[Beowulf] K Computer built for speed, not use

Vincent Diepeveen diep at xs4all.nl
Thu Oct 11 09:59:48 PDT 2012


On Oct 11, 2012, at 5:16 PM, Lux, Jim (337C) wrote:

> A good example of specialized computing would be the work that DE  
> Shaw is doing.  They're building specialized ASICs (or FPGA  
> programs) tailored for their chemistry applications, to get  
> multiple order of magnitude improvement over general purpose  
> solutions.  Clearly they think it's worthwhile: it's a high risk,  
> high reward sort of industry

Well it's a good example of what HPC is - taking a look into the  
future by spending some money on number crunching hardware.

With FPGA's they probably see further into the future than equivalent  
priced supercomputers can.Note that you need quite capable
hardware engineers with respect to FPGA's and especially with respect  
to memory controllers, in order to beat nowadays GPU's,
but that's undoubtfully what they do.

When having a good fpga design and i talked for prices of mass  
producing it, in itself printing a 1000 fpga chips is just 50 dollar  
a piece.
Then add $100 for each pci-card and some for SRAM on card, depending  
upon how much SRAM you want.

So in itself to crunch with fpga is cheaper than equivalent GPU's,  
provided you've got a capable network as probably the bandwidth
required is going to be huge in case of internode communication.

Of course the costs of the team and development cost of the capable  
FPGA is in the many millions of dollars a year.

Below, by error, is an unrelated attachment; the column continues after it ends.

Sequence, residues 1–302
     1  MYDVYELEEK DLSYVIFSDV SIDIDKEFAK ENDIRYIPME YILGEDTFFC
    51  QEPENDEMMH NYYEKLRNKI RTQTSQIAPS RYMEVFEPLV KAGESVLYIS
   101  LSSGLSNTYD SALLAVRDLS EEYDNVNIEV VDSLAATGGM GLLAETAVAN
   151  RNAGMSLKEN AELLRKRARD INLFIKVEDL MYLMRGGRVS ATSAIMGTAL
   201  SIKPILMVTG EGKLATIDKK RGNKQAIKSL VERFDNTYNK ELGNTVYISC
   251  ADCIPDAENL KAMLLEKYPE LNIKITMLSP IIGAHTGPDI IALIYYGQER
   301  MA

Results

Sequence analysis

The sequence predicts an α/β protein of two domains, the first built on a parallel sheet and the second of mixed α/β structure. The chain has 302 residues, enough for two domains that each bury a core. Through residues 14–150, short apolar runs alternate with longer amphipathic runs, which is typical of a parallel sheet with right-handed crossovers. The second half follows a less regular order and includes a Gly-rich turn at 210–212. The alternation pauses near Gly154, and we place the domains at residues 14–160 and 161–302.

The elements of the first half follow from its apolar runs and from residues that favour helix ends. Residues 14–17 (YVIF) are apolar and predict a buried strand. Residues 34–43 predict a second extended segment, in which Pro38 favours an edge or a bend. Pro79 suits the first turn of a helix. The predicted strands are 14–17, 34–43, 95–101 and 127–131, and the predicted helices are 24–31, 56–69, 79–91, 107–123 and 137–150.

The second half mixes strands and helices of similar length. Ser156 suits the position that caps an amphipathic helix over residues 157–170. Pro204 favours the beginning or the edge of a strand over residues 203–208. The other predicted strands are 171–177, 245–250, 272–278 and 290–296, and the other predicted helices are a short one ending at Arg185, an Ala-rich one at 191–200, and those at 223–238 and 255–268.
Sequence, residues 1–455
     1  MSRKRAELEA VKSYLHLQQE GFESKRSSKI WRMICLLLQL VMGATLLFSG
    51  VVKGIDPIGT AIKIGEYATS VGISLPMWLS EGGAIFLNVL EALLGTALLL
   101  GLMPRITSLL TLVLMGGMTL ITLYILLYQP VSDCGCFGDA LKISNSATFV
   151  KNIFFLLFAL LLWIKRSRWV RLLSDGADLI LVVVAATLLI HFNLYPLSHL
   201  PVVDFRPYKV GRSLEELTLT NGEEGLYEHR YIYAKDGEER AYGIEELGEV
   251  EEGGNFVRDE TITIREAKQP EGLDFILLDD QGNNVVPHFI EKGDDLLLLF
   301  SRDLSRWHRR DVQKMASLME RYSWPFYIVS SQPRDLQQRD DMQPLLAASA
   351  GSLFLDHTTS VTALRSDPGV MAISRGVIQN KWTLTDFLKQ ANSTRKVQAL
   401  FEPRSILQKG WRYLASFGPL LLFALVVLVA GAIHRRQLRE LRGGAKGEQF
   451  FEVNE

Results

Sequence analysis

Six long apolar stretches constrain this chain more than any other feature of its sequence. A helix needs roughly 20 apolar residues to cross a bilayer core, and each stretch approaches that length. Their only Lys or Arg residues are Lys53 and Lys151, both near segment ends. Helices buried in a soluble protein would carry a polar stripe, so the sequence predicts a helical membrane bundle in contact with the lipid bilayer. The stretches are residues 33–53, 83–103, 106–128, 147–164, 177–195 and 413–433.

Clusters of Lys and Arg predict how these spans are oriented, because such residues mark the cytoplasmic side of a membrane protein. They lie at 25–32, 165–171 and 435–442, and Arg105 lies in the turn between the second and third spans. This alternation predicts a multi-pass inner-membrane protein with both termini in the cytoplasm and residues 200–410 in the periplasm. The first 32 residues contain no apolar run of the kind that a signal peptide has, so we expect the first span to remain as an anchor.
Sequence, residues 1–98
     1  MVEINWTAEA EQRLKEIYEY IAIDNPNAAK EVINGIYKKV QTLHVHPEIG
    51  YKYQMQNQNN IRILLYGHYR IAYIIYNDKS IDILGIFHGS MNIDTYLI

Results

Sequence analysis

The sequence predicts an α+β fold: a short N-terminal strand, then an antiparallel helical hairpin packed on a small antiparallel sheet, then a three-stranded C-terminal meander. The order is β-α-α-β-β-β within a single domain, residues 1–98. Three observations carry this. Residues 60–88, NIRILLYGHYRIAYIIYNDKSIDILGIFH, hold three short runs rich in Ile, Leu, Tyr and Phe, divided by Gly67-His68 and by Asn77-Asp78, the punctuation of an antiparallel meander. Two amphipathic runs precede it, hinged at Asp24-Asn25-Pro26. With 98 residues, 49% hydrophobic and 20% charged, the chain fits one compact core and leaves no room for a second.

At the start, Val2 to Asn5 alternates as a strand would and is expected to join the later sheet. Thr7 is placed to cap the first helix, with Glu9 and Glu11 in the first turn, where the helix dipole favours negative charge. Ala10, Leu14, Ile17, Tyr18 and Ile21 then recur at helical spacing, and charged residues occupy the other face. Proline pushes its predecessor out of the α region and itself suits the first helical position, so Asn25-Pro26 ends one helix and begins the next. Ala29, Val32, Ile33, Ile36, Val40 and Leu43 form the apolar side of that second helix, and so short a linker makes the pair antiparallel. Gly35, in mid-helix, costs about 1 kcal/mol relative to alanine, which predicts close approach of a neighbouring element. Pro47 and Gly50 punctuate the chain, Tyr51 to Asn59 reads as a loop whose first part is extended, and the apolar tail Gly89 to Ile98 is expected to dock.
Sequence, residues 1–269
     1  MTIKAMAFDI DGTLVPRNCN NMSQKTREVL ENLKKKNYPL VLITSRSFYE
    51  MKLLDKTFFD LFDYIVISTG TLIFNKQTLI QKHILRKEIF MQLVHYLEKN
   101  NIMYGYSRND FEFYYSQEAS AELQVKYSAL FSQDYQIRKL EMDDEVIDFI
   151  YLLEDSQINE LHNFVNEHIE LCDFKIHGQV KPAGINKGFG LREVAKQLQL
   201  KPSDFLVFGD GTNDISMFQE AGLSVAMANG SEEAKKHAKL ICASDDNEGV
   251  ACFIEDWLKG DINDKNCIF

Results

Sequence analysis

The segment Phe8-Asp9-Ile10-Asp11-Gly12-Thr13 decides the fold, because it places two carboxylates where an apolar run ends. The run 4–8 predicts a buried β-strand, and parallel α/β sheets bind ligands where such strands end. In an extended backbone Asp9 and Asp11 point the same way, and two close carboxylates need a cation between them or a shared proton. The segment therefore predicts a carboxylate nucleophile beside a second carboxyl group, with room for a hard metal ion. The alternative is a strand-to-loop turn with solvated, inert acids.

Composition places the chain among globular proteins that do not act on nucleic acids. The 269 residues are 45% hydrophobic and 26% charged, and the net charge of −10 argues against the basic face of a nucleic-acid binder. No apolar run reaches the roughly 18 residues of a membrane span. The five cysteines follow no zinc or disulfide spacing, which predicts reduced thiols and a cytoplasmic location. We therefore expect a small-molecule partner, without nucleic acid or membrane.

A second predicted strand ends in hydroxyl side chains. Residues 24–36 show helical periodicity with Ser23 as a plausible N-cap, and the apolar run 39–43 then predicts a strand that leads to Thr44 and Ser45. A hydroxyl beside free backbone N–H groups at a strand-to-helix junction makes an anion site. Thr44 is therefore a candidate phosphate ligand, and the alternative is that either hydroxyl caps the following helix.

Kind Regards,
Vincent

>
> Jim Lux
>
>
> -----Original Message-----
> From: beowulf-bounces at beowulf.org [mailto:beowulf- 
> bounces at beowulf.org] On Behalf Of Mark Hahn
> Sent: Wednesday, October 10, 2012 9:38 PM
> To: Beowulf Mailing List
> Subject: Re: [Beowulf] K Computer built for speed, not use
>
>> Any general purpose system will inevitably underperform for some
>> people, and many might argue that the art of managing such a  
>> project is
>> making sure everyone squawks equally loud about how the stake is  
>> being
>> driven into their heart.
>
> I think of it from the other direction: a specialized machine would  
> need to demonstrate really significant savings.  an astrophysics  
> machine might actually use many times fewer transistors than a  
> commodity processors (as one of Makino's slides shows), but could  
> it do anything else?  perhaps some forms of MD.  but making  
> transistors work harder is, today, not necessarily a winning  
> strategy, since managing heat is probably the dominant concern.
>
> if a domain somehow looks like it's on the verge of a breakthrough,  
> and specialized hardware is going to give a 100x advantage, well,  
> that sounds pretty good.  if a dedicated cosmology box is going to  
> bring only a 3x speedup and still be 1e6 away from resolving  
> important processes, well, I say "get in line for a general-purpose  
> account"...
>
> though this argument also hinges somewhat on the expectation of  
> demand being bursty _across_ domains.
>
> regards, mark hahn.
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